24 high courts are functioning with 601 judges even as the approved strength is 1079.
Days after the Supreme Court expressed concern over vacancies in the higher judiciary, the latest Law Ministry data shows that six high courts are functioning without regular chief justices even as posts of 478 judges are lying vacant.
The high courts of Andhra Pradesh/Telangana, Kerala, Madhya Pradesh, Manipur, Sikkim and Tripura are without full time chief justices as on August 1, the data stated.
According to the figures, 24 high courts are functioning with 601 judges even as the approved strength is 1079, facing a shortage of 478 judges at a time when nearly 39 lakh cases are pending in these courts.
The government also said the sanctioned strength of judges in the high courts had increased from 906 in June 2014 to 1,079 in June this year.
Observing that justice delivery system is "collapsing", the Supreme Court had on August 12 sent out a stern message to the centre over non-execution of collegium's decision to transfer and appoint chief justices and judges in high courts, saying it will not tolerate the "logjam" and would intervene to make it accountable.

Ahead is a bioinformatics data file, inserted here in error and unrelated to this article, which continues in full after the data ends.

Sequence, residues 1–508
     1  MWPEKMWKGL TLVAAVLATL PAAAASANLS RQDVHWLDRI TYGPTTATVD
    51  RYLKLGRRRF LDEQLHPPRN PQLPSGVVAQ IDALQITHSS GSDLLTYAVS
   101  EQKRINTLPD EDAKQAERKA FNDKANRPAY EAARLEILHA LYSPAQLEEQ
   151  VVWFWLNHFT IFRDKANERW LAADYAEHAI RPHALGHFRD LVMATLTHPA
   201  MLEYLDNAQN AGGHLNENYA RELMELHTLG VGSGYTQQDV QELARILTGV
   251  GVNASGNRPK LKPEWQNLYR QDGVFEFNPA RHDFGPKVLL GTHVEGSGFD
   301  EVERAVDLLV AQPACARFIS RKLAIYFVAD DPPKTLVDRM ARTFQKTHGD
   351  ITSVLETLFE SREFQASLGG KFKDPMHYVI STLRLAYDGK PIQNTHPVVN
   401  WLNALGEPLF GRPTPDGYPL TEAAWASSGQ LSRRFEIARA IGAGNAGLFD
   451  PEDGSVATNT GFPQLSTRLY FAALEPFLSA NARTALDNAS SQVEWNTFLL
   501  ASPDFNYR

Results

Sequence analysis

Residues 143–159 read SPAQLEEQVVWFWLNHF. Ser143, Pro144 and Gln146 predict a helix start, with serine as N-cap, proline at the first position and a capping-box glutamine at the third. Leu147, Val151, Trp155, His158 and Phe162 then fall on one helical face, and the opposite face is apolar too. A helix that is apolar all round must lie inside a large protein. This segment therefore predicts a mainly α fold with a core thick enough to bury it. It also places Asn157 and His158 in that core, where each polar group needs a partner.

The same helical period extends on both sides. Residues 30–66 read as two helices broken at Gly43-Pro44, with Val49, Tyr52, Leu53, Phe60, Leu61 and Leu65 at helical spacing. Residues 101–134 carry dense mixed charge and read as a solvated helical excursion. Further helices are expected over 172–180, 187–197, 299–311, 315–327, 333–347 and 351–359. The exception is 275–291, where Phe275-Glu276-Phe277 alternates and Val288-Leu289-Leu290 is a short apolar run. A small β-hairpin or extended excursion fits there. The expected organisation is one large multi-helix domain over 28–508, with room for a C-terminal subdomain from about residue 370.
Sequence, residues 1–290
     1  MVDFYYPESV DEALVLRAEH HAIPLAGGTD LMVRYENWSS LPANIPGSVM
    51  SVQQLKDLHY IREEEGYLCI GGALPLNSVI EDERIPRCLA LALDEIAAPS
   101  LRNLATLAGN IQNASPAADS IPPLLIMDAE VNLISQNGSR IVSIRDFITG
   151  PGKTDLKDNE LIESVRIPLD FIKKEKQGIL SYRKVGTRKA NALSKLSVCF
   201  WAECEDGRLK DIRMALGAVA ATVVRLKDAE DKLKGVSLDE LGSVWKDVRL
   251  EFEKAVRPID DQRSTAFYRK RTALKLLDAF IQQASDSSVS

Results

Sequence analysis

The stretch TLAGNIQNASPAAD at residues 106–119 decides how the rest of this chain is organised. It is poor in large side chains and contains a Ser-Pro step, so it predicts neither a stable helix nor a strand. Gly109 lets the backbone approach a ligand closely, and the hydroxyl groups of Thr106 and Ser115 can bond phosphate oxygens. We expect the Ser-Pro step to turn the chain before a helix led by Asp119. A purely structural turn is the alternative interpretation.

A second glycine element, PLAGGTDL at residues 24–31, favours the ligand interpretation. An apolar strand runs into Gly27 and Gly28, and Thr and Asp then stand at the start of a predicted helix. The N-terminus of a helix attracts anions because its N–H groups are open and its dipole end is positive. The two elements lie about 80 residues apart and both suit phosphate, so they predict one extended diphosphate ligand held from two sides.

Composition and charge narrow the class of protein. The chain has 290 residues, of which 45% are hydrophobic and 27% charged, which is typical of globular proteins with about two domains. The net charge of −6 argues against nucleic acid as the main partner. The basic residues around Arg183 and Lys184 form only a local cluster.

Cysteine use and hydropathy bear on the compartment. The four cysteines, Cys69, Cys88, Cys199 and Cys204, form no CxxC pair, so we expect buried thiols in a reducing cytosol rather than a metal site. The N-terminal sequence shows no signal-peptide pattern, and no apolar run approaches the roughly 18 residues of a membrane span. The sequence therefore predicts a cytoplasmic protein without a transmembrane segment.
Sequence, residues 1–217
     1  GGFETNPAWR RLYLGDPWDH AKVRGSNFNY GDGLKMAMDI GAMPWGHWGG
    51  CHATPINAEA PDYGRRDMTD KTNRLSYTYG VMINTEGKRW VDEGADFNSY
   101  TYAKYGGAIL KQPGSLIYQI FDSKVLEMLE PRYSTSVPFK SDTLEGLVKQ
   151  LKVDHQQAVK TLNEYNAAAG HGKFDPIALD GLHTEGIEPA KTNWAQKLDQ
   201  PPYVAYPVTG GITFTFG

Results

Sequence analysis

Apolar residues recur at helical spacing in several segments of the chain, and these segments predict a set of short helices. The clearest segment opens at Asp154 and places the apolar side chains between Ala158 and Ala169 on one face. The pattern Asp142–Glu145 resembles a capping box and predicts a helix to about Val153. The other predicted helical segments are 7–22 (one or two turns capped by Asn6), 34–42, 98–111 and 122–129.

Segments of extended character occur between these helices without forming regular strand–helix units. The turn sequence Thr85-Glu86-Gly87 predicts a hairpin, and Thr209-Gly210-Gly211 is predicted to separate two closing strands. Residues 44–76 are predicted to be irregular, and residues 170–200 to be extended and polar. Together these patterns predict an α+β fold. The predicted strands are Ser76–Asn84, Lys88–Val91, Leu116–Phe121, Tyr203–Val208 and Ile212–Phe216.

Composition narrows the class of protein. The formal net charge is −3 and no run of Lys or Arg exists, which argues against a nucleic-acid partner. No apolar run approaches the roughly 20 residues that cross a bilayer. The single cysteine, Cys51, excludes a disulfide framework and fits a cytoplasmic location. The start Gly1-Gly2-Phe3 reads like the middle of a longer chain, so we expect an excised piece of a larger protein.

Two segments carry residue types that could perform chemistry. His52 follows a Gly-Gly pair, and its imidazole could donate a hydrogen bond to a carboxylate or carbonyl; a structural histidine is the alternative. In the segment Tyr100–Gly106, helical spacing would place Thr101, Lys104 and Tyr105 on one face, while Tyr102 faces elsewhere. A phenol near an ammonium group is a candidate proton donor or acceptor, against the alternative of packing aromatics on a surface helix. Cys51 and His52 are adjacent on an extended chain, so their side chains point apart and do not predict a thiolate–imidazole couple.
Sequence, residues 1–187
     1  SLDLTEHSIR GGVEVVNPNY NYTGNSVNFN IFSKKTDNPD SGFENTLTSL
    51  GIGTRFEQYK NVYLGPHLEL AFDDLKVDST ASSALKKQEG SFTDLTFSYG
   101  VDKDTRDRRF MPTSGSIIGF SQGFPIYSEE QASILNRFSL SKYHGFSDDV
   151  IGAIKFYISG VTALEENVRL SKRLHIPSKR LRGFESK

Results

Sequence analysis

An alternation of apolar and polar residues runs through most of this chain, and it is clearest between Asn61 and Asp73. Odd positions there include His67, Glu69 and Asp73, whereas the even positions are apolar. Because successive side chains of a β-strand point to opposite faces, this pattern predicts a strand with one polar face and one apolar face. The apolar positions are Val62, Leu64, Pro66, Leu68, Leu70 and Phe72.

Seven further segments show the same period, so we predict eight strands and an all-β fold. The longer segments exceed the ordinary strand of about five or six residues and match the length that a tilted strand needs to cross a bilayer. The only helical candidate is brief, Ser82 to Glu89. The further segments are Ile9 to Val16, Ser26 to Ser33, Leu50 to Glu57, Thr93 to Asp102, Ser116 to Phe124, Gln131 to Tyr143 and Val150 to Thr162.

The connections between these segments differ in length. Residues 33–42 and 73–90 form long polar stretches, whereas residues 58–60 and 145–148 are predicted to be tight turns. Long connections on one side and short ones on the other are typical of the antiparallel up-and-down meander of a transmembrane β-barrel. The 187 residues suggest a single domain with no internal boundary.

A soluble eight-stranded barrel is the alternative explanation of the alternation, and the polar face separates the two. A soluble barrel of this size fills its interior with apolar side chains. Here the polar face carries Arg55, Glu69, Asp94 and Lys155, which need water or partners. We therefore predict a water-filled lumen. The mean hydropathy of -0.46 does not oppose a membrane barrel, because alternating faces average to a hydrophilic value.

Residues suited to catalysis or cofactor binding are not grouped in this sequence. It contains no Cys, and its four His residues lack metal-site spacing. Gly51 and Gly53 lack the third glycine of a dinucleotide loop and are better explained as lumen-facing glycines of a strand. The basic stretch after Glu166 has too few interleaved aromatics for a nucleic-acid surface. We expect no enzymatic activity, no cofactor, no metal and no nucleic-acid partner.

Expressing its anguish over mounting vacancies, the court had also said that it appears the centre was trying to bring judiciary to a halt by not appointing and transferring judges as decided by the collegium.
One of the prominent collegium recommendations pending with the government is the transfer of Uttarakhand High Court Chief Justice KM Joseph to Andhra Pradesh/Telangana High Court. The recommendation was made in early May.
The Supreme Court, with a sanctioned strength of 31 judges, including the chief justice, has three vacancies.